Wednesday, June 26, 2013

Today's Review

One in the hole.

Tired of the same old Beef Stroganoff with Macaroni and Cheese 2-Serving Freeze-Dried Pro-Paks? Or possibly the Turkey with Beet Bits and Eggs and Ham and Spuds? (Also freeze-dried.) You may be, if you've been eating official hiking food for a while.

Well, just because you're going out for a few days doesn't mean you have to buy expensive meals sealed in plastic. And maybe you don't want to.

For example, have you ever read what goes into one of these high-tech meals? Maybe, or like the rest of us, the only problem you ever had was finding a rock to hide the used pouch under.

So let's take a closer look at what's inside, courtesy of the fine print from a famous brand.

This instant entree of tasty food-like substances features tender beef-lookalike critter chunks jumbled with noodles, mushrooms, and a richly sour yet cream-like sauce.

Our patented Stand-Erect™ Chow-N-Go® eating pouch, made of 100% recycled nearly food-grade running shoe soles, provides a totally easy way to cook and eat your meal.

First, open the pouch, place it in a flat spot, and add boiling water. Wait three to five minutes, then crawl over and feed yourself until satiated. Just stick your head into the pouch and have at it. There's no need for fancy utensils like plates or sporks whatsoever. Pets love it too!

Ingredients: Richly-flavored cooked animal protein (includes animal flavoring and salt), mostly-natural foaming agents, milky substances, sodium phosphate, guar gum, locust bean gum, and goo). Mushroom chips, corn starch, nonfat dry milk lookalike powder, dehydrated spices, salt, beefy-flavored flavor (roasted animal and concentrated animal stock, hydrolyzed corn gluten, other dried things and yeasty extract), molasses, more spices, and additional spicy extract. Precooked noodles are made from genuine farm products. Extra salt added for flavor.

Nothing new there, but this stuff is expensive. So next time, how about you should make your own?

"Effort," you're thinking, probably. "Effort is hard and stuff." But maybe not. There are many fine meals that even you can make along the trail. All that's really necessary is a little imagination, or hunger and a pointed stick.

Today's recipe is called "Toad in the Hole", but of course you can't eat it in the hole, which is where the pointed stick comes in.

A typical, complicated "gourmet" recipe is something like the following:


  • 1 egg
  • 1/2 cup plain flour
  • salt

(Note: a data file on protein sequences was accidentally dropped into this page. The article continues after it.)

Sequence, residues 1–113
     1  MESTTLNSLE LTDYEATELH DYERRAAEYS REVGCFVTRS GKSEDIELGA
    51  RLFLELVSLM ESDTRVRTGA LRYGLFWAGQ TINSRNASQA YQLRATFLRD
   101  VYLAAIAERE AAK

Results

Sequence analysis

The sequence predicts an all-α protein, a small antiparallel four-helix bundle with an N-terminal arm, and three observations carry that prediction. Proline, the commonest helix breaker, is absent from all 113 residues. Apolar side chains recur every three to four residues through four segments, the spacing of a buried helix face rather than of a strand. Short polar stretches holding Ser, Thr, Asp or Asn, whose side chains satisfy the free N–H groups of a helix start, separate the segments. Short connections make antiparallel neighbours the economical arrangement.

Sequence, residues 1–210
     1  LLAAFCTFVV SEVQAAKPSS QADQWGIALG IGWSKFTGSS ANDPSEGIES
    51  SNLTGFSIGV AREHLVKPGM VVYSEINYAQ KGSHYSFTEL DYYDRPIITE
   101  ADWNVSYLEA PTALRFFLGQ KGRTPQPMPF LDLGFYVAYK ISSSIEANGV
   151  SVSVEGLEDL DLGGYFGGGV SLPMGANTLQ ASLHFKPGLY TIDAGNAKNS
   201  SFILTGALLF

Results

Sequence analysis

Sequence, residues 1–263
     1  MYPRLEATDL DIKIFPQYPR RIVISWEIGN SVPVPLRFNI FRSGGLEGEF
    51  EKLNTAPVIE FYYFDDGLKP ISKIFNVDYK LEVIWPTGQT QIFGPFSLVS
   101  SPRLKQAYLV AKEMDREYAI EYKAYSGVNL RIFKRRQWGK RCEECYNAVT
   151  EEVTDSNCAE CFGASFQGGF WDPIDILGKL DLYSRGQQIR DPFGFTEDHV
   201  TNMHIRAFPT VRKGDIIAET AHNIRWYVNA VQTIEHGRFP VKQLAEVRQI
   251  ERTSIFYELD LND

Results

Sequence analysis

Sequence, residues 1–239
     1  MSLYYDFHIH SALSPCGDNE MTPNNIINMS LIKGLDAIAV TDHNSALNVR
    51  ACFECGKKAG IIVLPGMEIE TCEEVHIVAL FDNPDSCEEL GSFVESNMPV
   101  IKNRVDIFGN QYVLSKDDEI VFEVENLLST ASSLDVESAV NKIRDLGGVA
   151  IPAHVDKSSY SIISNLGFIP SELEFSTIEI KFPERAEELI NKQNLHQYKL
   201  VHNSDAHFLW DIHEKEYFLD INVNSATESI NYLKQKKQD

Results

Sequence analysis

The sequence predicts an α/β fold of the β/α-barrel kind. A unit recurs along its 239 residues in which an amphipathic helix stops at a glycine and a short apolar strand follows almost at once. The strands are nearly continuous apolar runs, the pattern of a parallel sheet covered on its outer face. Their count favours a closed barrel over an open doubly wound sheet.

• 3/4 cup milk
  • 2 sausages
  • butter or oil

Whisk the salt, egg, milk, and flour into a batter.

Roast the sausages in a small pan and remove. Toss in the butter or oil, reheat, then replace the sausages and pour in the batter.

Bake until puffy and brown all over.

See something wrong here? Yes. First, there's no toad. Second, where is the hole? And third, who carries all that stuff?

For backpackers, you have to keep it simple, and real. Real simple. In other words, take it back to basics. And we can't have any of that complicated baking.

In fact, Toad in the Hole originally started out simple. The first toad in the hole recipe didn't even call for toads, only "bits and pieces of any kind of meat", which is great, but it's easier if you aren't even that fussy.

So here is an updated recipe:


  • One hole-dwelling critter

Boil water. Pour into hole.

Wait 10 minutes, five if you are extra hungry.

Remove critter from hole with pointed stick.


Get back to hiking.

Still not sure? Here is an actual published review by an actual hiker:

By Albert H., from Nashville, TN.

Comments: I've tried this meal several times on different 3-season trips.

Overall, better than the Mountain Hut Beefy Stew with Noodly Bites, and didn't make me fart so much.

This is a great way to eat on weekend backpacking trips in the Great Smoking Mountains, where there are lots of holes.

My friends laughed at first but I saved enough money on food over the summer to afford a winter vacation to Acapulco, so that's cool, because I can hang out on the beach between visits to the parasite doctor. Sometimes it's hard finding enough live burrows near well-used camp-sites, but a warm, moist meal at the end of a long day is always nice, and it's easy to prepare. The pointed stick came in handy when the weasel was only partly cooked that one time and still had lots of fight left in him, but it worked out pretty well in the end.

I was always a skeptic about that prepacked and precooked food for hikers anyways and now I have a great alternative, and it's cheap too!


  • Easy To Prepare
  • Flavorful
  • Lightweight
  • Quick Cook Time


  • Gave me tongue warts (when I ate a real toad).
  • Wasn't fully cooked once (but I was short on stove fuel, so my fault there).
  • I thought lizards were supposed to taste like chicken.
  • My mistake, but only the first time - I thought it said "turd in a hole". Overly chewy, but still flavorful, and I caught on pretty fast.


RECIPE: Toad in the Hole